Paper is White

  • Review
By – December 10, 2018

This is a nov­el about women: moth­ers, daugh­ters, grand­moth­ers and lovers — their sto­ries told through inter­twined nar­ra­tives of queer and Jew­ish mem­o­ry. The year is 1997, just before legal same-sex mar­riage began to seem pos­si­ble in the Unit­ed States. The story’s pro­tag­o­nist, Ellen, and her girl­friend Francine have decid­ed to get mar­ried any­way, but find them­selves with­out prece­dent, unsure what makes a les­bian mar­riage a mar­riage. Mean­while Ellen, who works for a non­prof­it record­ing oral his­to­ry inter­views with Holo­caust sur­vivors, becomes fas­ci­nat­ed with a mys­te­ri­ous client, Anya, to whom she feels drawn at first by mem­o­ries of her beloved grand­moth­er and then by a sus­pi­cion that Anya has an unspo­ken les­bian past of her own.

The nov­el hinges on things left unspo­ken: Ellen’s nar­ra­tion returns sev­er­al times to the motif of the evil eye and the old folk belief that to speak joy out loud is to invite its destruc­tion. This unwill­ing­ness to speak either of joy or grief is what Ellen feels is her deep­est con­nec­tion to a Jew­ish past. Her fam­i­ly, in Amer­i­ca since the nine­teenth cen­tu­ry, have assim­i­lat­ed to the degree that she wor­ries not only about how her par­ents will react to her mar­ry­ing a woman, but also that they might think the cer­e­mo­ny is too Jewish.”

In plan­ning a wed­ding that both breaks with tra­di­tion and needs the strength of tra­di­tion to bol­ster it, Ellen seems to feel root­less; it’s this root­less­ness that draws her to Anya. Not look­ing for a les­bian Jew­ish past, not even con­sid­er­ing the pos­si­bil­i­ty that she might find one, Ellen stum­bles upon one all the same, a sto­ry liv­ing in the silent spaces between the things that Anya says out loud. Anya cru­cial­ly nev­er speaks the whole truth, instead imply­ing it through strate­gic changes of sub­ject and care­ful choice of words.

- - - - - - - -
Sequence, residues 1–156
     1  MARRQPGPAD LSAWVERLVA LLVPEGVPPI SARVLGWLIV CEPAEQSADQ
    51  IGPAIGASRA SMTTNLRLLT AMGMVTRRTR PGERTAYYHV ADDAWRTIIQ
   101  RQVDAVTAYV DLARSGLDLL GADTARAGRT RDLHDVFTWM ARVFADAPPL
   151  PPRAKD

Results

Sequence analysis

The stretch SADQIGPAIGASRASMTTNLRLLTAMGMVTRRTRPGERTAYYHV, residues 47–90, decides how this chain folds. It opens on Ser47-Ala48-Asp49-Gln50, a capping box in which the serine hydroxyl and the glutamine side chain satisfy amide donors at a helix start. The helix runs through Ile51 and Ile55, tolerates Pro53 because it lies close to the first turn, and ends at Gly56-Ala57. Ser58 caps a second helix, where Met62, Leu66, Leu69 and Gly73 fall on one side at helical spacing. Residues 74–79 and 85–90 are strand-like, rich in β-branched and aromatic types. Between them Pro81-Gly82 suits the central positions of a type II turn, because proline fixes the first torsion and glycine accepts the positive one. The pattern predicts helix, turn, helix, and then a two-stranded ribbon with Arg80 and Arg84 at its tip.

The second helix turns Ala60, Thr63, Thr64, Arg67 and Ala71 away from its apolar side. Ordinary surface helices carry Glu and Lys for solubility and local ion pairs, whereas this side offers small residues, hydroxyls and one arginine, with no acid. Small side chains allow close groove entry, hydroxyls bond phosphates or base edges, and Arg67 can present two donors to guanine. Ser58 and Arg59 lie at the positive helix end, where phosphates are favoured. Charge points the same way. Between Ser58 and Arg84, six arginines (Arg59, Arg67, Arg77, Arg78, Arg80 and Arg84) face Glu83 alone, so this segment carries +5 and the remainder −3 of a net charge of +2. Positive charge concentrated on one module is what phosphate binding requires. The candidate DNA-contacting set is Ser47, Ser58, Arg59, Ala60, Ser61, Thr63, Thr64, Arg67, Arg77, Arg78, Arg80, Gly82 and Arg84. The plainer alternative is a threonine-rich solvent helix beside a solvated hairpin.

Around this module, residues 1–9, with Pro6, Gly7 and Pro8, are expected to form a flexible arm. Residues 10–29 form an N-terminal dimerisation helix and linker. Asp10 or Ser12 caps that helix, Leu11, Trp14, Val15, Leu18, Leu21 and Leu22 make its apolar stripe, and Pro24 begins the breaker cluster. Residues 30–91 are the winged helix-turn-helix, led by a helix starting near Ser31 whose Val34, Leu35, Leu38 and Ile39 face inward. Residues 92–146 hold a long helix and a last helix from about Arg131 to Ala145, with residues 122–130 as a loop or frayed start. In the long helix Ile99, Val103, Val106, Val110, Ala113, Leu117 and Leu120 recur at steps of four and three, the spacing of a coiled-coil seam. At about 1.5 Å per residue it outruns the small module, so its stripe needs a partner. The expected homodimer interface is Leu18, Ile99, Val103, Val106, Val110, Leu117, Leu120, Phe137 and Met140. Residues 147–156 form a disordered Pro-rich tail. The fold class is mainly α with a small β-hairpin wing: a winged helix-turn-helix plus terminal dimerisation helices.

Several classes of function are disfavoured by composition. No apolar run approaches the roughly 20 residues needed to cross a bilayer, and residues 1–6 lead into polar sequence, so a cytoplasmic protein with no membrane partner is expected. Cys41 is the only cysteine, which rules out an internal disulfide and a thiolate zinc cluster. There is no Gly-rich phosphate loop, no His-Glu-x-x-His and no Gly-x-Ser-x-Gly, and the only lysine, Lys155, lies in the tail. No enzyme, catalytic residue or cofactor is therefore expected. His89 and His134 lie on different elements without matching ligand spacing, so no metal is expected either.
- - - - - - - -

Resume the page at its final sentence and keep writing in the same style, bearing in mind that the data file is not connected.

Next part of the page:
It is an unspo­ken con­nec­tion between queer women, across gen­er­a­tions, that allows Ellen to give voice to what Anya does not say. A clan­des­tine search for the woman from Anya’s past seems to draw Ellen, para­dox­i­cal­ly, through fear of root­less­ness toward hope for the future. Uncov­er­ing Anya’s truth helps her speak her own truth aloud.

The nov­el begins with the shat­ter­ing of fam­i­lies — the death of Ellen’s grand­moth­er, her clients’ mem­o­ries of the Holo­caust — and ends with the build­ing of a new fam­i­ly, three gen­er­a­tions of gay women brought togeth­er in cel­e­bra­tion. The dis­cov­ery of Anya’s impos­si­ble past allows Ellen to imag­ine, and then cre­ate, her own impos­si­ble future with Francine. A sto­ry that start­ed in lone­li­ness and melan­choly ends in tears of joy, all of the secrets spread out in the sun­light like the hand-quilt­ed chup­pah beneath which Ellen and Francine are married.

Sacha Lamb is the author of Nation­al Jew­ish Book Award final­ist When the Angels Left the Old Coun­try. Their next nov­el, The For­bid­den Book, is com­ing this fall from Levine Queri­do. Sacha can be found on Insta­gram at

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